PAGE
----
Bridge, also known as waterfall charts, take their origins from consulting. Several decades ago top tier “24/7 at your service” consultants at McKinsey popularized this type of visualization among their clients. And ever since, the popularity of bridge charts has continued to rise.

Bridge charts are made of bars showing the cumulative effect of a series of positive and negative values impacting a starting and an ending value. Here’s an example.

**When to use bridge charts**

There are two major use cases of bridge charts. Both are very interesting and intuitive.

First, we can use this type of visualization whenever we would like to bridge the difference between two periods.

So, in our example from earlier, the company registered different revenues in 2018 compared to 2017, right? The starting period for this chart is the end of 2017 or 2018. The ending period is the end of 2018. With a simple bar chart, we would just see an increase of 6 million.

The bridge chart gives us additional information – how different divisions contributed to this increase. In fact, the revenues of two of the divisions increased, while the other one didn’t.

In a similar fashion, a bridge chart can show us how one variable was influenced by a series of factors to obtain a specific output. Let’s provide an easy to understand example, which is heavily used in finance. The company’s revenues were equal to 109 million $ in 2018, right?

What if we would like to create a visualization showing how revenues are related to operating profits? We have the necessary information knowing the intermediary steps in between. Here’s the equation we will use.

Operating Profit = Revenue – Cost of goods sold – Operating expenses – D&A.

There are three intermediary steps between revenues and operating profit. A bridge chart allows us to show the impact of each of these steps. Very nice, right?

**When to avoid bridge charts**

When we deal with data that does not involve intermediary steps or segments, we will have to use different chart types. Simple as that.

**Scatter plots**

A scatter plot is a type of chart that is often used in the fields of statistics and data science. It consists of multiple data points plotted across two axes. Each variable depicted in a scatter plot would have multiple observations. If a scatter plot includes more than two variables, then we would use different colours to signify that.

**When to use scatter plots**

A scatter plot chart is a great indicator that allows us to see whether there is a pattern to be found between two variables.

See the example we have here?

The x-axis contains information about house price, while the y-axis indicates house size. There is an obvious pattern to be found – a positive relationship between the two. The bigger a house is, the higher its price.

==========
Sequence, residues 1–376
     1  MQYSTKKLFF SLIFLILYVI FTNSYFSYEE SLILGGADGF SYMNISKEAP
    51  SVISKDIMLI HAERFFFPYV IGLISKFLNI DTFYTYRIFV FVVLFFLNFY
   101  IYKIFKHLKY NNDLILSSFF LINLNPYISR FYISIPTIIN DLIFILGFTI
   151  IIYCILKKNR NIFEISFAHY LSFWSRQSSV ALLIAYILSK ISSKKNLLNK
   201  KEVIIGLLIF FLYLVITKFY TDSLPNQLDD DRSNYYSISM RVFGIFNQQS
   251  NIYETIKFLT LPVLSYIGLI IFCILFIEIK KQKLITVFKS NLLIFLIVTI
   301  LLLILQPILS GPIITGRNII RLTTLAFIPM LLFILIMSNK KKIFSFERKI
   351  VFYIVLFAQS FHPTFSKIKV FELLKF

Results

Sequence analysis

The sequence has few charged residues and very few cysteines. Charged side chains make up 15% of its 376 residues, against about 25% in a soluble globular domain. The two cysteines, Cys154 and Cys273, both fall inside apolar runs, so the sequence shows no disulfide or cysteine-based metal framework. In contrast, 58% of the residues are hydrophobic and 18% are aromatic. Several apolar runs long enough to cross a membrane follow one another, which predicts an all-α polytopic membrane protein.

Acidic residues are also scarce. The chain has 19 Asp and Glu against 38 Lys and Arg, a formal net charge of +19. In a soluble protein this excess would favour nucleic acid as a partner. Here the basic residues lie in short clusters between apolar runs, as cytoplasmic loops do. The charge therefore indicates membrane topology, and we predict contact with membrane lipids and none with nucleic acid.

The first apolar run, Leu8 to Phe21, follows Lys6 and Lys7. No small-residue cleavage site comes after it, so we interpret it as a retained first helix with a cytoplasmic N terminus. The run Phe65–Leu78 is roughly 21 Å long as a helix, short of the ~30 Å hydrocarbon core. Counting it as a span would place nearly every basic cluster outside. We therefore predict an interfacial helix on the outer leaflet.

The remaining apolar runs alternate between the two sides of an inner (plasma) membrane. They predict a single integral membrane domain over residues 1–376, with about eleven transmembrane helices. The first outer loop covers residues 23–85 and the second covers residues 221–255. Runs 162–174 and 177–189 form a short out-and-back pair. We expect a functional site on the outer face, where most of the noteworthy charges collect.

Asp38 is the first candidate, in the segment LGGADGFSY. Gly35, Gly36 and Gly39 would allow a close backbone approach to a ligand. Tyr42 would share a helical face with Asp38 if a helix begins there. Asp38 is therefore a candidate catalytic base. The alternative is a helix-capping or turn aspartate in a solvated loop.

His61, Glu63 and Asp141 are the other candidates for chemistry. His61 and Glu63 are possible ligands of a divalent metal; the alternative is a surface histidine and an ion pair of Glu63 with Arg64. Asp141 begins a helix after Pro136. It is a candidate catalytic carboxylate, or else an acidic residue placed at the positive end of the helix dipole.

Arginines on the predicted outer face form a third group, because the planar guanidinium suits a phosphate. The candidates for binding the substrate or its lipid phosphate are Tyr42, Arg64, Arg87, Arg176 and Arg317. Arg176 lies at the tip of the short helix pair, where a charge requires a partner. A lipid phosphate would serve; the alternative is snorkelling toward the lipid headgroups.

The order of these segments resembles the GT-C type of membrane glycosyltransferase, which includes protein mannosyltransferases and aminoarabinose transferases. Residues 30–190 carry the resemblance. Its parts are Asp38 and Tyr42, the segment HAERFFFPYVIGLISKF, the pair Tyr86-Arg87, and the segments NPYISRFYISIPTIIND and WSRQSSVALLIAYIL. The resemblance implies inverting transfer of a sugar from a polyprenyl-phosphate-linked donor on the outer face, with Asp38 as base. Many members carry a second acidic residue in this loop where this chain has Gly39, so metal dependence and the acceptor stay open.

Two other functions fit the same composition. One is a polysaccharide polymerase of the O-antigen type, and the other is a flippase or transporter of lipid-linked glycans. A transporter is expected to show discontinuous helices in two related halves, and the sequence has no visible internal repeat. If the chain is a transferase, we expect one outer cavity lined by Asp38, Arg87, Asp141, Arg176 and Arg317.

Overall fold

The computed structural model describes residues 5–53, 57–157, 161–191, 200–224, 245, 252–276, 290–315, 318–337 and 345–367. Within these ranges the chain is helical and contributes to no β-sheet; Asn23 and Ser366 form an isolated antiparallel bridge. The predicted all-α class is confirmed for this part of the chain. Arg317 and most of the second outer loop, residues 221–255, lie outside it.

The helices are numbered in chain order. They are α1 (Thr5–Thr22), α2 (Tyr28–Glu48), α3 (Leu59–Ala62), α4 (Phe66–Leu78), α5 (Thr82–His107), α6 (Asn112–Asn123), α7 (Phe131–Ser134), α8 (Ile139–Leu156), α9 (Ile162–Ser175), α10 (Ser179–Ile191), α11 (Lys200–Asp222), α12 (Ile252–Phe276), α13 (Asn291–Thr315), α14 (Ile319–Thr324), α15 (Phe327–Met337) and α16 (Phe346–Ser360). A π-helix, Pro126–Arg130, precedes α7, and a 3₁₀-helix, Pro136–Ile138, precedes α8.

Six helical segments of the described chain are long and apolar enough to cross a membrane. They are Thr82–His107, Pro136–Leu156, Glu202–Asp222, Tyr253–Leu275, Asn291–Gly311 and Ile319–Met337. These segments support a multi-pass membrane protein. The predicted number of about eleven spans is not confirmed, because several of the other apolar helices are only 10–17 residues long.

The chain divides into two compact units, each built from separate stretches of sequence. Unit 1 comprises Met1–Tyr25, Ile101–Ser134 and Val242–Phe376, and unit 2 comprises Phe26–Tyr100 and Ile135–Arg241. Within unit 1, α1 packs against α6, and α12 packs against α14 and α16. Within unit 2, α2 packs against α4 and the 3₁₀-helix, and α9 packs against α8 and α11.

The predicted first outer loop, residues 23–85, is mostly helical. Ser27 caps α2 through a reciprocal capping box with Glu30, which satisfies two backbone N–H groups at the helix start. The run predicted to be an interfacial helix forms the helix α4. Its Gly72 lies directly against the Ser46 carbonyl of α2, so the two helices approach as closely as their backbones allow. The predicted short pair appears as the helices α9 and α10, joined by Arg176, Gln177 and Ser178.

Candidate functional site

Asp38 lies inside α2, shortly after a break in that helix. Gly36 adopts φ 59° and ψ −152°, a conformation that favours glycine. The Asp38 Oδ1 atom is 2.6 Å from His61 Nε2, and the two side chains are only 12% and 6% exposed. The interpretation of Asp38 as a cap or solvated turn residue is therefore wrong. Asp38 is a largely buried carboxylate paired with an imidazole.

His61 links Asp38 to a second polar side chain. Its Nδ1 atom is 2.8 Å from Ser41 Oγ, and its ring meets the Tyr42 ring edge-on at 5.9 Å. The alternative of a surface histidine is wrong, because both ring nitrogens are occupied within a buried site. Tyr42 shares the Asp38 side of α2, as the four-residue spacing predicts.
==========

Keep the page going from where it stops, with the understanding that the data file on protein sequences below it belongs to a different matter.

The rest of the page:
On the other hand, house size and the age of the person who bought a house are two uncorrelated variables, and a scatter plot helps us see that easily.

So, this can be a very useful chart type whenever we would like to see if there is any relationship between two sets of data.

**When to avoid scatter plots**

We can’t use scatter plots when we don’t have bi-dimensional data. In our example, we need information about both house prices and house size to create a scatter plot. A scatter plot requires at least two dimensions for our data.

In addition, scatter plots are not suitable if we are interested in observing time patterns.

Finally, a scatter plot is used with numerical data, or numbers. If we have categories such as 3 divisions, 5 products, and so on, a scatter plot would not reveal much.

**Histogram charts**

The last type of chart we will consider here is the histogram chart. A series of bins showing us the frequency of observations of a given variable. The definition of histogram charts is short and easy. Here’s an example.

An interviewer asked 267 people how much their house cost. Then a histogram was used to portray the interviewer’s findings. Some prices were in the range between $117-217k, many more in the range $217-$317k, and the rest of the houses were classified in more expensive bins. Here’s what the histogram looks like.

**When to use histograms **

Histograms are great when we would like to show the distribution of the data we are working with. This allows us to group continuous data into bins and hence, provide a useful representation of where observations are concentrated.

**When to avoid histograms**

Be careful when the data you are working with contains multiple categories or variables. Multi-column histograms are among the chart types to be avoided when they look like this.

**Conclusion**

In this article, we were able to provide a great summary of the different chart types you will need when working with data.

In addition, you learned something which is even more important:

When to use these charts and when to avoid using certain chart types.

Clear and intuitive visualizations should be the main focus. There is no point in using sophisticated chart types that must be packaged with a translator or a 5-page legend.

We are confident you understand that and will be able to create stunning and crystal-clear graphs right away.